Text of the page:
Sign up for our daily briefing

Make your busy days simpler with Axios AM/PM. Catch up on what's new and why it matters in just 5 minutes.

Please enter a valid email.

Please enter a valid email.

Subscription failed
Thank you for subscribing!

Catch up on coronavirus stories and special reports, curated by Mike Allen everyday

Catch up on coronavirus stories and special reports, curated by Mike Allen everyday

Please enter a valid email.

Please enter a valid email.

Subscription failed
Thank you for subscribing!

Denver news in your inbox

Catch up on the most important stories affecting your hometown with Axios Denver

Please enter a valid email.

Please enter a valid email.

Subscription failed
Thank you for subscribing!

Des Moines news in your inbox

Catch up on the most important stories affecting your hometown with Axios Des Moines

Please enter a valid email.

Please enter a valid email.

Subscription failed
Thank you for subscribing!

Minneapolis-St. Paul news in your inbox

Catch up on the most important stories affecting your hometown with Axios Twin Cities

Please enter a valid email.

Please enter a valid email.

Subscription failed
Thank you for subscribing!

Tampa Bay news in your inbox

Catch up on the most important stories affecting your hometown with Axios Tampa Bay

Please enter a valid email.

Please enter a valid email.

Subscription failed
Thank you for subscribing!

Charlotte news in your inbox

Catch up on the most important stories affecting your hometown with Axios Charlotte

Please enter a valid email.

Please enter a valid email.

Subscription failed
Thank you for subscribing!

Please enter a valid email.

Please enter a valid email.

Subscription failed
Thank you for subscribing!

An orangutan holds on the branch of a tree before being rescued and relocated from at a swath of destructed forest in Indonesia. Photo: Binsar Bakkara / AP

A new, isolated species of orangutan has been found on the Indonesian island of Sumatra nearly a century after being originally reported, growing our great ape family by one. The new species was described Thursday in Current Biology.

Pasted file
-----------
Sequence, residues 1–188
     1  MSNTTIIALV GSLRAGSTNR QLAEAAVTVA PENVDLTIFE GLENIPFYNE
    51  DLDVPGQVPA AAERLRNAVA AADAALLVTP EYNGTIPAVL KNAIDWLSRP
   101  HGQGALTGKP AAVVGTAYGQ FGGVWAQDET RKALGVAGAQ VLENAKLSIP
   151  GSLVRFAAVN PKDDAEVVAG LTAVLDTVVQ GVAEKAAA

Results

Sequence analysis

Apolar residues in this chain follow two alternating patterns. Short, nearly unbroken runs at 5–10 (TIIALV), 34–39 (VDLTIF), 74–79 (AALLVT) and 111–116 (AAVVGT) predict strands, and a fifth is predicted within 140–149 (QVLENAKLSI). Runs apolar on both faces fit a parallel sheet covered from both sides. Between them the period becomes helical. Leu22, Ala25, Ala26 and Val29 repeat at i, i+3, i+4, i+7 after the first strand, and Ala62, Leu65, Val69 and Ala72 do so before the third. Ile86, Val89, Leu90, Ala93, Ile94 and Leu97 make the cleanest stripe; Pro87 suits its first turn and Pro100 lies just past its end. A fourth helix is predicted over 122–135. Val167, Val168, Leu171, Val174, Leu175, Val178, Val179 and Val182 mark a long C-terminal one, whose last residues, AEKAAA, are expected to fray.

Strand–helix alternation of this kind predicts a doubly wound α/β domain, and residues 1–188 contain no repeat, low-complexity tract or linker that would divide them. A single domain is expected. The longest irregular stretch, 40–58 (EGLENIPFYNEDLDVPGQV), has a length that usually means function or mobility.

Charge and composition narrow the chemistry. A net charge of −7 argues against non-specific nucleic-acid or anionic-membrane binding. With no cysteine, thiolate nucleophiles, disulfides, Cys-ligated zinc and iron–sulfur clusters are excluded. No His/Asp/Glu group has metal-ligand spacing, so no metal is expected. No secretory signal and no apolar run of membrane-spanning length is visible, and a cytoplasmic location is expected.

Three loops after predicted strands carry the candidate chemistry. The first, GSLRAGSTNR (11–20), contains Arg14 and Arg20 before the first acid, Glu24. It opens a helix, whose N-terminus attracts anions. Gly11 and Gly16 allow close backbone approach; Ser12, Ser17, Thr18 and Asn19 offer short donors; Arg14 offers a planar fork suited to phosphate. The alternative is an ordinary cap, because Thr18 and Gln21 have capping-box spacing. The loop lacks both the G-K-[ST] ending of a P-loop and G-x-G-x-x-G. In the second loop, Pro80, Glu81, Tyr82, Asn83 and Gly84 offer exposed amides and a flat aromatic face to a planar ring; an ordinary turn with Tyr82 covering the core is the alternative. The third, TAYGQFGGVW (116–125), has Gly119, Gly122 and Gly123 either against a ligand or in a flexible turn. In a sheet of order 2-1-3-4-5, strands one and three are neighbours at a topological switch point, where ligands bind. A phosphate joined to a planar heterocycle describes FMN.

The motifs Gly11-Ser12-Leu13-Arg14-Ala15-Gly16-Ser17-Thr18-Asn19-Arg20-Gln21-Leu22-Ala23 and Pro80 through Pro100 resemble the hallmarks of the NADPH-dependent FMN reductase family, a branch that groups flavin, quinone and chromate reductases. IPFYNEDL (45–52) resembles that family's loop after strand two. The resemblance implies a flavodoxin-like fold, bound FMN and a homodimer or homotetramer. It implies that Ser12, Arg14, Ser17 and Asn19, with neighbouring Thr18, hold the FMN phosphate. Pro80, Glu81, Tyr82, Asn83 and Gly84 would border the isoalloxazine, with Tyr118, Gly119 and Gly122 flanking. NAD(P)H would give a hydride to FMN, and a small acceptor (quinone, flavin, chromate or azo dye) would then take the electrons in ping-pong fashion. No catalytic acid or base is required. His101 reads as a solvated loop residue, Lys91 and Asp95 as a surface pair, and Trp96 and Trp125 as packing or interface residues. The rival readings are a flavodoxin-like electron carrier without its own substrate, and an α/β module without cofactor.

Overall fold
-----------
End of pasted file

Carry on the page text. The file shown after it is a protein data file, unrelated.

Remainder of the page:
Population analyses of the species (Pongo tapanuliensis) "suggest there are fewer than 800 individuals, making it the most endangered of the great apes," writes April Reese for Nature. And, a proposed dam on the Batang Toru river would divide the population into two areas, which could endanger them further. The New York Times reports the Tapanuli's lineage is 3-3.5 million years old.

""It would be bitterly ironic if it goes extinct as a biologically viable population just as it is described as a new species," orangutan researcher Biruté Mary Galdikas told Nature.

The discovery: Erik Meijaard, founder of conservation group Borneo Futures in Jakarta, first discovered reports of an isolated orangutan population, prompting a search. It wasn't until 2013, however, that scientists found solid evidence, when locals killed one of the males. According to Australia's public broadcaster, ABC, the male's "skull was smaller, its face flatter and its canine teeth wider than those from Sumatran and Bornean orangutans."

The context: Finding a new mammal species is rare, and a new primate species is even more unlikely. Great apes are our closest relatives, but we still have much to learn about them and how they evolved.

Go deeper

Biden signs racial equity executive orders

Joe Biden prays at Grace Lutheran Church in Kenosha, Wisconsin, on September 3, 2020, in the aftermath of the police shooting of Jacob Blake. PHOTO: Jim Watson/AFP via Getty Images

President Joe Biden on Tuesday signed executive orders on housing and ending the Justice Department's use of private prisons as part of what the White House is calling his “racial equity agenda.”

The big picture: Biden needs the support of Congress to push through police reform or new voting rights legislation. The executive orders serve as his down payment to immediately address systemic racism while he focuses on the pandemic.

Senate confirms Antony Blinken as secretary of state

Antony Blinken. Photo: Alex Edelman/Pool/AFP via Getty Images

The Senate voted 78-22 on Tuesday to confirm Antony Blinken as secretary of state.

Why it matters: Blinken, a longtime adviser to President Biden, will lead the administration's diplomatic efforts to re-engage with the world after four years of former President Trump's "America first" policy.

2 hours ago - World

Former Google CEO and others call for U.S.-China tech "bifurcation"

Illustration: Aïda Amer/Axios

A new set of proposals by a group of influential D.C. insiders and tech industry practitioners calling for a degree of "bifurcation" in the U.S. and Chinese tech sectors is circulating in the Biden administration. Axios has obtained a copy.

Why it matters: The idea of "decoupling" certain sectors of the U.S. and Chinese economies felt radical three years ago, when Trump's trade war brought the term into common parlance. But now the strategy has growing bipartisan and even industry support.